Another Shot at Banking from Home

Home banking programs are making a comeback, but most banks are not making money on the services, according to a recent study.

A survey of 400 banks by the American Bankers Association shows that 26% of large banks and 5% of banks with less than $1 billion in assets offered home banking services in 1990.

These figures are up significantly from the previous year, when only 3% of all banks surveyed said they offered home banking services.

More banks are launching electronic services that allow customers to do routine banking tasks from home, using a Touch Tone telephone or personal computer. But 85% of those offering these services either lost money on them or broke even, according to the ABA's 1990-91 Retail Banking Report.

Meeting Nonbank Competition

The news comes as banks face pressure to boost profits. They also face competition from nonbanks that are offering or plan to launch home bill-payment services that are similar to some features of home banking.

Companies such as Prodigy Services Inc., which is jointly owned by International Business Machines Corp. and Sears, Roebuck & Co., recently launched a service that allows customers with personal computers to pay bills from home, regardless of which bank they use. And the regional telephone companies expect permission soon to offer information services such as home banking.

Bankers acknowledge that the programs don't make money. Many large institutions - such as Chase Manhattan Corp., Manufacturers Hanover Corp., Citicorp, Wells Fargo & Co., Bank-America Corp., and others - offer home banking, but the services have attracted a small fraction of their total retail customers. For example, Citicorp is believed to have 40,000 home banking customers, while Chase has about 10,000.

Value-Added Solutions

Bankers say that electronic home banking transactions are less costly for the bank to process than if customers perform the same tasks at a branch. The ABA survey showed that, at large banks, employee-assisted transactions cost $2, versus 35 cents if performed through a home banking service that uses voice-response technology.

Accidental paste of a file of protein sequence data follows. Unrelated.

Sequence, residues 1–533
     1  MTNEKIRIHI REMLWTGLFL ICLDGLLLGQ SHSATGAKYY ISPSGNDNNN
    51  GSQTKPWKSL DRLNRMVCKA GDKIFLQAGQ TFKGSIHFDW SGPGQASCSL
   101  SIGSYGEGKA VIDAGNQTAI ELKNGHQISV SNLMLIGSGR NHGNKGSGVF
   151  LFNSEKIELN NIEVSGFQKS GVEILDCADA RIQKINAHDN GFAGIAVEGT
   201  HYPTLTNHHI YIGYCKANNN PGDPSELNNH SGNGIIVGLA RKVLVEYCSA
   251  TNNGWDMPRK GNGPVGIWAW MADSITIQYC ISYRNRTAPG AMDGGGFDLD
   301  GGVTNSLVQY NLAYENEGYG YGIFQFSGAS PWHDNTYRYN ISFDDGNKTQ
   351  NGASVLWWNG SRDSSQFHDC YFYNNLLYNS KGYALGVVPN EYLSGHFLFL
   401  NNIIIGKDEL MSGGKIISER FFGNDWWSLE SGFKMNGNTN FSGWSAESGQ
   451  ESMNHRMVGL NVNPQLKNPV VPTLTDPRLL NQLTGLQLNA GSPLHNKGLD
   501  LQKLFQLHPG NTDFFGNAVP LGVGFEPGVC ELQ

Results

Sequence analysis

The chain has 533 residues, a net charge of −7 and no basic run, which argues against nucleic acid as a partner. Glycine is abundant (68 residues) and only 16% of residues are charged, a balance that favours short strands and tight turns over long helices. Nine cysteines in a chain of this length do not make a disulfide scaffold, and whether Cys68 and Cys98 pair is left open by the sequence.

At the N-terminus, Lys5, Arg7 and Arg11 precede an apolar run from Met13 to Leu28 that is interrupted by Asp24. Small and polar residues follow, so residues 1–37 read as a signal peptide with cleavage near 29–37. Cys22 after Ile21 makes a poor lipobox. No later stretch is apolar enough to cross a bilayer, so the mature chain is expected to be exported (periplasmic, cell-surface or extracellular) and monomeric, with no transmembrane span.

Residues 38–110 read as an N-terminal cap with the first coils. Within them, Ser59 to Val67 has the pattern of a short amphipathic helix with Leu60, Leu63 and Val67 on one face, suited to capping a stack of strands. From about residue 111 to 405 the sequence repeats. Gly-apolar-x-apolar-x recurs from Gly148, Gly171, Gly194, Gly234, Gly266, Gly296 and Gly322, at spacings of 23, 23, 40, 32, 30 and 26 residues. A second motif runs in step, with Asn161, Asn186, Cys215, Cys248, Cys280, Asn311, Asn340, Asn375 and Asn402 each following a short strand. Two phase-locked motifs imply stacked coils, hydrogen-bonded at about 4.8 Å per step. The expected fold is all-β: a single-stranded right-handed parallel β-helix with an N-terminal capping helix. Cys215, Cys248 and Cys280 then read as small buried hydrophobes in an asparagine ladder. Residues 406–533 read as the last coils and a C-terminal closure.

"If you look at the value of home banking, then it's profitable," said James Bauer, vice president for electronic banking at Manufacturers Hanover, which recently agreed to merge with Chemical Banking Corp.

Retail customers who use Hanover's home banking service, called Excell, are among the most profitable customers with the bank, according to Mr. Bauer. Their profit contribution is up to five times greater than the average regional bank customers. Their ratio of additional products cross-sold is almost 75% higher than the average customer and their average balances are 44% higher.

Hanover processes home banking transactions for its own program and for programs of institutions that have an agreement with it to offer home banking via Prodigy. In this way, Hanover can leverage its investment in back-office systems that fuel the home banking service.

Broadening Audience Appeal

Other banks, such as Citibank, have spent millions of dollars developing home banking services and devices that will make it easier for customers to do banking from home. In the past, home banking services for the telephone and personal computers were not successful because they did not appeal to a wide audience and were technically difficult to use.

Citicorp has been testing a device called Enhanced Telephone, with a small attached computer screen and keyboard, with 324 customers in New York. York. A launch is planned late this year or early in 1992.

Citicorp home banking executives say that home banking customers generate $100 more in profit per year than other customers. That means that Citicorp will eventually have to sign up thousands of customers to begin to recoup the millions it has invested in developing the Enhanced Telephone.

Subscribe Now

Access to authoritative analysis and perspective and our data-driven report series.

14-Day Free Trial

No credit card required. Complete access to articles, breaking news and industry data.